Wednesday, April 17, 2013

Antigua, Atitlán & Chichicastenango

One morning in Antigua, while waiting for the bank to open, I wandered into a shop selling Indian fabrics.  I had no intention of buying anything, but Indian weavings are beautiful and I wanted to learn more about them.  The young clerk, who had been sleeping on a pallet in the back, gave me, his first customer of the day, his undivided attention.  I made the mistake of admiring something.

A beautiful piece, Señor, woven by an Indian woman of his personal acquaintance.  She is famous for her work.  What would I offer for it?

I told him I had no interest in buying.  He persisted.

Twenty Quetzales, I said, picking what I thought to be a ridiculously low price.

He was appalled.  This woman had spent two months on this one piece.  No, no; he could take no less that eighty.

Really, I said, it's worth no more than twenty to me.  I know it's a fine piece, worth much more, but I'm just not interested.  He should save it for a customer who appreciated such fine work.

Oh, no. Since I wanted it so much, he would make me a good price.  I could have it for no more than 75 Quetzales.

I tried to move on, but he persisted.  The materials alone were worth sixty.

No, no.  I'm really not interested.  Thirty, I said, hoping the low offer would show that I was not a serious prospect.

The poor fellow was almost in pain.  The lady, he explained, was a widow, the sole support of three infants.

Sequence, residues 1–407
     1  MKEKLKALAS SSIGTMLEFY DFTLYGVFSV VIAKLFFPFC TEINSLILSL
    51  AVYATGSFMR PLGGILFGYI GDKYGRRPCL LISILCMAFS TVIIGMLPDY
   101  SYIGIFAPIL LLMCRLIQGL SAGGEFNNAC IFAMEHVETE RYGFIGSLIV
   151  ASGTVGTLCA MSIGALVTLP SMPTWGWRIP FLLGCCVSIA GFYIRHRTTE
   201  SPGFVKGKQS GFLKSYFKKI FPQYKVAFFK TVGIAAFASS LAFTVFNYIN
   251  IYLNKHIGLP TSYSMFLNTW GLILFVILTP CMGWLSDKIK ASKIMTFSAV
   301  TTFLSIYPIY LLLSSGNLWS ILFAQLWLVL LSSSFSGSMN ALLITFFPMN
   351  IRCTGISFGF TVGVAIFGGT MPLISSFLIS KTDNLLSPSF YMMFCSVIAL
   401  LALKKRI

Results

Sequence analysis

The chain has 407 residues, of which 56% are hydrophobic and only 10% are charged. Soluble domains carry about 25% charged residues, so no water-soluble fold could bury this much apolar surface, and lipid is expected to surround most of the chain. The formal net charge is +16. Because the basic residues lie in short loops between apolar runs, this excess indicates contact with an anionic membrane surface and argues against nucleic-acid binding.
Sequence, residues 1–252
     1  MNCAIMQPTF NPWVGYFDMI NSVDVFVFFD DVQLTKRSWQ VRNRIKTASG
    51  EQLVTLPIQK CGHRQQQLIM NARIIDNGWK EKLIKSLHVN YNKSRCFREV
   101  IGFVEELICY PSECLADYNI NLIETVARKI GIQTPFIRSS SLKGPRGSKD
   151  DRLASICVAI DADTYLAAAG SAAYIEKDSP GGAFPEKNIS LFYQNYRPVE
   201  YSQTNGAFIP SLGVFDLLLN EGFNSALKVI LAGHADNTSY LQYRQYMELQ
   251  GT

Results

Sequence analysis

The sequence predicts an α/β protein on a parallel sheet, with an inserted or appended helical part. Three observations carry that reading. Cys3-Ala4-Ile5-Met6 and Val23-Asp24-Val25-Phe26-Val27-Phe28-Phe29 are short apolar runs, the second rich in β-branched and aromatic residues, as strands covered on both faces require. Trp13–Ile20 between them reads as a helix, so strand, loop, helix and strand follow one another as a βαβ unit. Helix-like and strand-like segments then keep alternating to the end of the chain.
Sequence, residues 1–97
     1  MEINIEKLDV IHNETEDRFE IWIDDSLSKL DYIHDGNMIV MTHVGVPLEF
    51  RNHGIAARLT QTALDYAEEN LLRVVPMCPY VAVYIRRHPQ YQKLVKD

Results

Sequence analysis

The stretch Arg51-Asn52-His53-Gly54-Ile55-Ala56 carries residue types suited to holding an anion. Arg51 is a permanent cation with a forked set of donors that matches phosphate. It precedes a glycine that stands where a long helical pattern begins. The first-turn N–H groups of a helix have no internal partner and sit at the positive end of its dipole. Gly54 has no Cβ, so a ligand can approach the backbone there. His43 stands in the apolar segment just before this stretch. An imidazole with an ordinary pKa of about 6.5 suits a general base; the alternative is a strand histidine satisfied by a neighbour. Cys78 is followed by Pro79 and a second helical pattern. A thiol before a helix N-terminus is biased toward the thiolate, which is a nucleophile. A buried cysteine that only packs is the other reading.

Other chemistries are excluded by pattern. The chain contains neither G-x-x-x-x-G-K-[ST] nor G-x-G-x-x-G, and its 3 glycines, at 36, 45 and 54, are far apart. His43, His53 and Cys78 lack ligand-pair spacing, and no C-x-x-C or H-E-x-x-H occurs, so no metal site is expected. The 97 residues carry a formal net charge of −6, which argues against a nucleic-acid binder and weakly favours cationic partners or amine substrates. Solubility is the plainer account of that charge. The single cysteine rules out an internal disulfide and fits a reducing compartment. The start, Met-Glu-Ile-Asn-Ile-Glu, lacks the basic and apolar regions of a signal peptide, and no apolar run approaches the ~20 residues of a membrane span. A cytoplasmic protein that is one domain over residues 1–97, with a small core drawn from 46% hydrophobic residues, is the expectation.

By this time I really had completely lost interest in the piece, but kept going out of fascination with his sales pitch.

If she receives a centavo less than forty Quetzales her children will go hungry and she will undoubtedly go over to the rebels.

By this time the bank was open and I was getting tired of the game.  I wished him a prosperous day and walked out of his shop.

He followed me down the street and I finally bought it for 32 Quetzales. It's a nice piece. I'm glad he sold it to me.

Later, I was berated by an Indian lady for buying something from one of her competitors.  The matter was not resolved to her satisfaction and she stamped off, wishing me a “mal viaje”.

From Antigua, I drove toward Lake Atitlán, through small towns and beautiful countryside and cornfields.  Everyone seemed industrious, if not excessively prosperous in material things, and there were women in beautiful Indian dress and men with a machete in their belt.  A green and pleasant land.